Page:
It was so quiet and tranquil there, that I could not stop thinking about how paradoxical this place is, which is also the most conflict-ridden part of the world. Suddenly the car screeched to a halt and I was torn from my thoughts. We stopped for coffee in a small café beside a mosque. The view of the far-off stretches of land from this particular spot was beautiful. The mosque and the café were signs that there should be people around but we could not see many.
We resumed our trip to the Jordanian terminal of KHB. These places are around the Dead Sea and are below sea level. The taxi driver told us that we might feel like throwing up when we passed through the area around the Dead Sea but I didn’t feel anything like this.
We reached our destination after some time and unloaded our luggage from the taxi, and said goodbye to the driver. He was a very sweet person and promised that he would visit India soon. However, he said something when he was about to leave. He smiled and said:
I am a Palestinian but I cannot ever visit my country. I yearn to see my place and my people. I am just a few kilometers away but I cannot. Convey my love and best wishes to my people. Visit and explore my land and my people. Have a good and safe stay.
His words created a sober atmosphere. He made us feel his helplessness and pain even when he was smiling. We were reminded once again that this trip would be a blend of happiness as well as of gloom, of high as well as of low spirit, of exploration of beauty as well as of repugnance and might even be much more than that. I realized this visit to Palestine would leave me in a pensive mood every now and then.
We were then taken to the departure waiting room, where we handed our passports to an agent sitting at the first window. Along with us, was the Australian delegation and there were around 20 of us going to the camp. I had no idea that we would have to wait again in the departure waiting room for almost one and a half hours. However, by then we realized waiting would be a part of our journey. We accepted this and waiting could no longer affect our moods. After a little bit of questioning by the border agents, we were asked to leave our passports and then board the shuttle service buses. We did as they said.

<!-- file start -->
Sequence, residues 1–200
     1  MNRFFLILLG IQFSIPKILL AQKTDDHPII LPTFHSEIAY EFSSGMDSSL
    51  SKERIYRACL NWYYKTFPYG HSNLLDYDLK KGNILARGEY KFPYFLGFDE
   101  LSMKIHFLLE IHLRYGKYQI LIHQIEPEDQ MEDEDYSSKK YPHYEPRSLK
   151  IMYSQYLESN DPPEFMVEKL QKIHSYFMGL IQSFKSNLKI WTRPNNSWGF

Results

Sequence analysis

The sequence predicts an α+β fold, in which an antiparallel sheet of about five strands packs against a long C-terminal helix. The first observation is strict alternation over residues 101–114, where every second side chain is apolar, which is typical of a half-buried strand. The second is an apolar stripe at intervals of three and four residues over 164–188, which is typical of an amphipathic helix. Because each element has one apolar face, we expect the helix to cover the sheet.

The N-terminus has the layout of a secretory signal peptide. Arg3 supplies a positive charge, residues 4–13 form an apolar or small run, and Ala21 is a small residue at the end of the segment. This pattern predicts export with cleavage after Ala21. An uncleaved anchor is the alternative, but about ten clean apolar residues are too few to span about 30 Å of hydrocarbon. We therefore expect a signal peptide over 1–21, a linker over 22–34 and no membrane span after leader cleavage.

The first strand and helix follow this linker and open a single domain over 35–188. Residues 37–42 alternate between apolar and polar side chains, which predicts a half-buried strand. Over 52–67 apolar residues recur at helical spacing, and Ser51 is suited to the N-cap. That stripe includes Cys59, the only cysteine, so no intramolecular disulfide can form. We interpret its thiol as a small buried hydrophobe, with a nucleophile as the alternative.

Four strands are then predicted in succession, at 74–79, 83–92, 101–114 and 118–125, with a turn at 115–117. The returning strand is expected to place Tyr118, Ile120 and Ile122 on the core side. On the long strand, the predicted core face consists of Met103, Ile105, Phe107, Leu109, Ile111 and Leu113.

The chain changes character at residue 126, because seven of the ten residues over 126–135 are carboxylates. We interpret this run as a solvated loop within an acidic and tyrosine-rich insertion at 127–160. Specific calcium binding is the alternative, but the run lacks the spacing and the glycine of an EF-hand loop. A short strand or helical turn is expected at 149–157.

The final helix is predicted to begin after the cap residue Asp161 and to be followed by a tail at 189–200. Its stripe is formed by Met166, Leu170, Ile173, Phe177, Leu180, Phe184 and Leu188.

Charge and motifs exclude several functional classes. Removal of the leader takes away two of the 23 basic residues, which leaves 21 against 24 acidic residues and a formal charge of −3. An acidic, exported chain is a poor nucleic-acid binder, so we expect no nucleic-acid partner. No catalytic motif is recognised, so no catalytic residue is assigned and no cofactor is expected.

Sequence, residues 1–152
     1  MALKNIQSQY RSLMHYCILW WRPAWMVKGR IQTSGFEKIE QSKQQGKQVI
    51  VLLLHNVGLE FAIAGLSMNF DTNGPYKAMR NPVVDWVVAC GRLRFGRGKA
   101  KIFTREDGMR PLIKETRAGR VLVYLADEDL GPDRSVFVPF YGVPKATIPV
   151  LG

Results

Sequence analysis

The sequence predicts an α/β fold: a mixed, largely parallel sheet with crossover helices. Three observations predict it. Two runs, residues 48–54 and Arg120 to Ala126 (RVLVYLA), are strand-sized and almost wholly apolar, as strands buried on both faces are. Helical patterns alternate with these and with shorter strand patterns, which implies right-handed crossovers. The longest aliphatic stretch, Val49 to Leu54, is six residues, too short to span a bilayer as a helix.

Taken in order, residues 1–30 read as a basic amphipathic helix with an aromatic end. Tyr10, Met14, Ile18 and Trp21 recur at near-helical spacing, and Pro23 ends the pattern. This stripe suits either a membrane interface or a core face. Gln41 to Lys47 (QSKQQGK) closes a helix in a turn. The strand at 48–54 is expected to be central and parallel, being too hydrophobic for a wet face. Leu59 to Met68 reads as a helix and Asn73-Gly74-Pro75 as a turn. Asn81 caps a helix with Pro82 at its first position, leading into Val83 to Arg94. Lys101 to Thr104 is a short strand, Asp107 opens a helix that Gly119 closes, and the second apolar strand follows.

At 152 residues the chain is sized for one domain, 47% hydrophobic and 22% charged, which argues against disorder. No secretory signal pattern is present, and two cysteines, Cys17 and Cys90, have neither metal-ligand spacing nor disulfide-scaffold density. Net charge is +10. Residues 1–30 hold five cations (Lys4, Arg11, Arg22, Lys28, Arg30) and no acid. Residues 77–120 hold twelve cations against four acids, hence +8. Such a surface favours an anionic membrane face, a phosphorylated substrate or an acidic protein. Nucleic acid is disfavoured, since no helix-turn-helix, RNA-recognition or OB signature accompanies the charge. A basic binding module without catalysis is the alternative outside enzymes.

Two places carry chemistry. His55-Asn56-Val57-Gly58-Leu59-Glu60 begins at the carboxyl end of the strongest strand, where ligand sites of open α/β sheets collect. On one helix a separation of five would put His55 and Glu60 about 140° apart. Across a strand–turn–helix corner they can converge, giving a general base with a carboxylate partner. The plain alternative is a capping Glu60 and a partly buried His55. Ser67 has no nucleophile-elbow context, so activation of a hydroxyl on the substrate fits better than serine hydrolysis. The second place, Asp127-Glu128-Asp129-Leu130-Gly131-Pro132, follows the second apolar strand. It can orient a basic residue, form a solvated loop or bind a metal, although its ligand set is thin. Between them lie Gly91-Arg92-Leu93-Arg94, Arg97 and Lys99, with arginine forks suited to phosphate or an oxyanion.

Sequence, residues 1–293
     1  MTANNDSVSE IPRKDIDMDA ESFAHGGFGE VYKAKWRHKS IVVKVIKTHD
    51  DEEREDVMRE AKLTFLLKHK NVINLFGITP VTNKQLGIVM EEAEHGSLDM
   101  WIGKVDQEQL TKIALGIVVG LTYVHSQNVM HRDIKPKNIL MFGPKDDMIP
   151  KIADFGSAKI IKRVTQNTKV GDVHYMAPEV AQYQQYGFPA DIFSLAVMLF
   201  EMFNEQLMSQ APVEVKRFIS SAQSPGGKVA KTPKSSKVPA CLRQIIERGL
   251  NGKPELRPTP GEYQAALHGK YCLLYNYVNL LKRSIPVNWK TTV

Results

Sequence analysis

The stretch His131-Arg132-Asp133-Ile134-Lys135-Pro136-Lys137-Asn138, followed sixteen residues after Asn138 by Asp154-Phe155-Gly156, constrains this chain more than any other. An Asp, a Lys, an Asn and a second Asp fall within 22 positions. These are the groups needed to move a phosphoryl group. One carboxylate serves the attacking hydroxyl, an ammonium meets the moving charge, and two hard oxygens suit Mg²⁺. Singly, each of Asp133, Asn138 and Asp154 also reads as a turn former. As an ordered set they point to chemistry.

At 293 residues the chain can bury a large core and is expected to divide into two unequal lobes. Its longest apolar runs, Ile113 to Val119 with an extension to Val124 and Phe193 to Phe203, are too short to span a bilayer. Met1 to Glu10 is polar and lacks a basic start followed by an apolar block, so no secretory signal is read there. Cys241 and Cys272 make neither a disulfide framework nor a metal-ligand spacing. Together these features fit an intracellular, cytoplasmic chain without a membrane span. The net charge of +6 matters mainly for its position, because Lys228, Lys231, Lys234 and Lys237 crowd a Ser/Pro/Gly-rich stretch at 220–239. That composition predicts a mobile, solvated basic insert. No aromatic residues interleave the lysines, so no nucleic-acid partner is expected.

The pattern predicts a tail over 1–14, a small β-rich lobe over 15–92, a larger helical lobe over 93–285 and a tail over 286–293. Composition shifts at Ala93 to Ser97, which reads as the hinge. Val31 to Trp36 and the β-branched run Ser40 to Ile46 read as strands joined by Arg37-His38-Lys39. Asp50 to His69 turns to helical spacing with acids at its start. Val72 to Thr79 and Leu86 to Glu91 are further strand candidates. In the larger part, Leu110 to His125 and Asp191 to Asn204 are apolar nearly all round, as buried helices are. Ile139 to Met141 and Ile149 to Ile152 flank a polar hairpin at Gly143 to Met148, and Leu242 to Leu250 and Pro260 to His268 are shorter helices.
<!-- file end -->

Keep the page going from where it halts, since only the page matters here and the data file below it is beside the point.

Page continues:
After some time the border agents returned with our passports and handed them over to each person personally. We could then leave. One of the Palestinian organizers (a woman) accompanied us to assist our crossing of the KHB. She looked strong, bold and assertive. She was quite the opposite of the image portrayed of Arab woman in the media and especially in Hollywood movies. I had read quite a lot about Palestinian women’s struggle and their brave encounters and stories, but this was the first time I met an Arab lady in her own land. I instantly liked her.
The bus started to move. We were now going to the Israeli terminal of KHB. They call it the Allenby Bridge and so would I from now on. Our team leader gave us some advice as to how to deal with the Israeli border agents. He told us to be prepared for anything that might happen. The bus stopped after a ten to fifteen minute ride at the Israeli terminal. It was 3.30 pm already and we still had to checking in and deal with some other formalities with the Israeli border agents.
The moment we reached the Israeli terminal, all that I could feel was an adrenaline rush. I didn’t know what to expect. I simply said to myself, “Let’s see what happens next”.